Opperman is fortunate that he can afford expert legal counsel in defense attorney Jim Boren. Not all criminal defendants are lucky enough to afford such expensive legal defense. Many are assigned public defenders who are (a) underpaid, (b) overworked and (c) lacking in the financial resources to engage expert witnesses like their counterparts at the prosecution table who have virtually unlimited funds to pursue convictions.

Be that as it may, this issue has exploded in a volatile atmosphere, pitting two bitter political opponents against each other. That instantly clouds the situation, leaving many unanswered questions as to the motives of the prosecution and the innocence or guilt of the defendant.

I know the system better than anybody else and I’m the only one up here that’s going to be able to fix that system, because that system is wrong.”

—Donald Trump, in a March 2016 Republican primary debate.

We’re going to go to Washington. We’re going to drain the swamp.”

—Trump, at a North Carolina rally in 2016. [A promise unfulfilled.]

I am going to ask Congress to pass a campaign-finance reform that prevents registered foreign lobbyists from raising money in American elections.”

—Trump, in a 2016 campaign speech in Green Bay, Wisc. [Another broken promise.]

It’s a meaningless piece of paper that was just put out to live up to the ‘drain the swamp’ promise. No one takes it seriously.”

—Craig Holman, lobbyist for the government watchdog group Public Citizen, speaking about Trump’s executive order imposing a five-year ban on lobbying after leaving government service, pointing out that 33 former Trump administration officials are currently doing just that.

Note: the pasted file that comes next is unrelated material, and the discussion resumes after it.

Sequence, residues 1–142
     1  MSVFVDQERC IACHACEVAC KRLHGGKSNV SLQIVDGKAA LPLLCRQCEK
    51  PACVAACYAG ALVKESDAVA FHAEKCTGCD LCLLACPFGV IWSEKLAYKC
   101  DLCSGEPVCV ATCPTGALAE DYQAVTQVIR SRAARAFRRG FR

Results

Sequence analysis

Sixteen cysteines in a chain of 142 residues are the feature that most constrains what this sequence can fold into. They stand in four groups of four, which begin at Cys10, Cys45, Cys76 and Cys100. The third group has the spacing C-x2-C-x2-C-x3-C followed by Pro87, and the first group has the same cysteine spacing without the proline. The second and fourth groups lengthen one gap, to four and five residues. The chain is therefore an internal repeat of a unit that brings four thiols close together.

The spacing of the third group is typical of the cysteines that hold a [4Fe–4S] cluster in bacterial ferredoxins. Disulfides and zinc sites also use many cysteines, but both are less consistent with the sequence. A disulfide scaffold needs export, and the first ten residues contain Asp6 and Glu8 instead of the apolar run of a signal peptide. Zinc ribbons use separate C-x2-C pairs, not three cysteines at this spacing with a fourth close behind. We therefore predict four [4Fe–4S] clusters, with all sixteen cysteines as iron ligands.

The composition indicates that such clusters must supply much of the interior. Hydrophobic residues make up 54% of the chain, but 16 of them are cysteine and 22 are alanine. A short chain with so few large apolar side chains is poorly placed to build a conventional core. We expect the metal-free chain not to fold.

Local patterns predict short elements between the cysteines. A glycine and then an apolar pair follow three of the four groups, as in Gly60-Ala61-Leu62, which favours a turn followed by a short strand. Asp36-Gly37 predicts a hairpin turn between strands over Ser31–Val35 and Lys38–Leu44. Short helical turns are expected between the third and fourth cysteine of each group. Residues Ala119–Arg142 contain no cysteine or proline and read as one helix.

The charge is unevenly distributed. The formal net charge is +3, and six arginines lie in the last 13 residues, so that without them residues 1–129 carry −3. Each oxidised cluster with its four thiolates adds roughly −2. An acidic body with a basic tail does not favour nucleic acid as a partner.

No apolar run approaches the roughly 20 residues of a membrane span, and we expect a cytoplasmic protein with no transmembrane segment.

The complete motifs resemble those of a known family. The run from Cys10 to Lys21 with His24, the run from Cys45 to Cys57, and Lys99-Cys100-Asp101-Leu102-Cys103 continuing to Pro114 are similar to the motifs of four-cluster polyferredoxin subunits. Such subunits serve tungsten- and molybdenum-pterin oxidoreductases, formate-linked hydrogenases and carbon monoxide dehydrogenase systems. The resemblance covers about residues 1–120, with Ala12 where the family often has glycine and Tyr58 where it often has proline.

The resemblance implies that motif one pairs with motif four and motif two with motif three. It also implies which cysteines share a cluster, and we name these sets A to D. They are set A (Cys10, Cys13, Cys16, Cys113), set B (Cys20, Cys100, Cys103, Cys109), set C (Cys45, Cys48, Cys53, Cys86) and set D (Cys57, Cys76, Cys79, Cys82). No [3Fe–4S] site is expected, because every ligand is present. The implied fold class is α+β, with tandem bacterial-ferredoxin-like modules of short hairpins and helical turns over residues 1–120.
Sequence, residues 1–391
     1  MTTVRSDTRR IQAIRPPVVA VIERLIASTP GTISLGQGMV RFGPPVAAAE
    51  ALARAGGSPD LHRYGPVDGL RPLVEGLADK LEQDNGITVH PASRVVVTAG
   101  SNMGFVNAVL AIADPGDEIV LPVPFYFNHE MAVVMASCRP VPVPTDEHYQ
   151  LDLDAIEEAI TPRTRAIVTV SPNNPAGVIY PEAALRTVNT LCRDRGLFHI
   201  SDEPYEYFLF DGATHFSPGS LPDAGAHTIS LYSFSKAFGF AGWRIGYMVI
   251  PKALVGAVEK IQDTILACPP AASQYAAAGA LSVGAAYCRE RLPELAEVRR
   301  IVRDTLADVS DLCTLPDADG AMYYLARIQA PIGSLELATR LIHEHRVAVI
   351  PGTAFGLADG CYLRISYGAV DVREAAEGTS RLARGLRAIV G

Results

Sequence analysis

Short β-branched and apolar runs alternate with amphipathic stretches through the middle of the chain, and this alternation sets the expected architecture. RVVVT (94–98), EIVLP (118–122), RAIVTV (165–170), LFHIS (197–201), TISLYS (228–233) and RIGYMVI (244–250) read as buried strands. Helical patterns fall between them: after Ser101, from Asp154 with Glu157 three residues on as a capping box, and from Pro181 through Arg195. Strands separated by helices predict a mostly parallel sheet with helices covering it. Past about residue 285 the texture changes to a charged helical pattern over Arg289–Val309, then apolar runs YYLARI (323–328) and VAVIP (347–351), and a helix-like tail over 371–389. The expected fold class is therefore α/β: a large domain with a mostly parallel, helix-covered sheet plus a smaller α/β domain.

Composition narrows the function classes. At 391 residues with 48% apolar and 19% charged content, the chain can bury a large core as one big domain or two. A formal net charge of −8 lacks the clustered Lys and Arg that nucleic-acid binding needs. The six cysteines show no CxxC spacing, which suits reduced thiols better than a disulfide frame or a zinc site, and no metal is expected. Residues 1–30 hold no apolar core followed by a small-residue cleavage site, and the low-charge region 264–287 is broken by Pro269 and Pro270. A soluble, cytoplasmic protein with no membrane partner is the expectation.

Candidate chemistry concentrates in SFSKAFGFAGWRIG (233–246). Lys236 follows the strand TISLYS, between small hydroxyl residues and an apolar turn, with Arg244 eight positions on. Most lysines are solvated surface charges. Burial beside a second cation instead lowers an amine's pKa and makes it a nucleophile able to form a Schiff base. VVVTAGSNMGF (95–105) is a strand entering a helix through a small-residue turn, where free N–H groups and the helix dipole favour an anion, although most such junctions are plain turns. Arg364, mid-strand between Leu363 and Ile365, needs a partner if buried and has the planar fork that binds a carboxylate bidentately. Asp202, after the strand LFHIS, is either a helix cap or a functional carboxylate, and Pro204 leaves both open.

The whole administration has taken Trump’s tone — self-dealing, self-enriching, enriching your friends and families — that’s smart, if you listen to Trump.”

—Holman, pointing out the fallacy of expecting Trump to follow through on any of his promises.

We will sue you for what will doubtless be enormous compensatory and punitive damages.”

—Letter from attorney Marc Kasowitz to The Lincoln Project on behalf of Ivanka Trump and Jared Kushner over a Times Square billboard that cast the pair in a bad light over the Trump administration’s abysmal response to the coronavirus pandemic. [Awww, Ken and Barbie gonna sue…just like Daddy told ’em to do.]

NOT A TRUMP QUOTE, but it should be (with apologies to Cavin & Hobbes):

“In my opinion, we don’t devote nearly enough scientific research to finding a cure for losers.”

Politics makes for strange bedfellows.

So, too, does money.

And when you combine politics and money, things can get really strange.

Take the case of Thomas “Tommy” Hayes, IV, son of retiring Federal Magistrate Karen Hayes.

Tommy-4 is running for state district court judge for the 4th Judicial District which includes the parishes of Ouachita and Morehouse.

It’s not as though the 4th JDC isn’t already bizarre enough, what with a clerk who doesn’t like to come to work and who coverts court filings into end tables for her office despite the fact that the filings were part of an important lawsuit pending in 4th JDC.

And it’s not as if State Inspector General Stephen Street or Attorney General Jeff Landry were on the spot looking out for the interest of justice in the matter – they weren’t. Both punted the issue and the clerk continues on the job, protected by her benefactors, the sitting judges in the 4th JDC.

But now, Tommy-4 has posted on his Facebook page how honored he is to be the “only candidate running for Division B to receive the official endorsement of (the) Louisiana Association of Business and Industry’s NorthPAC.”

LABI, as the association is affectionately known, runs four political action committees, the reason for four distinct and separate PACs being rather vague: NorthPAC, SouthPAC, EastPAC and WestPAC.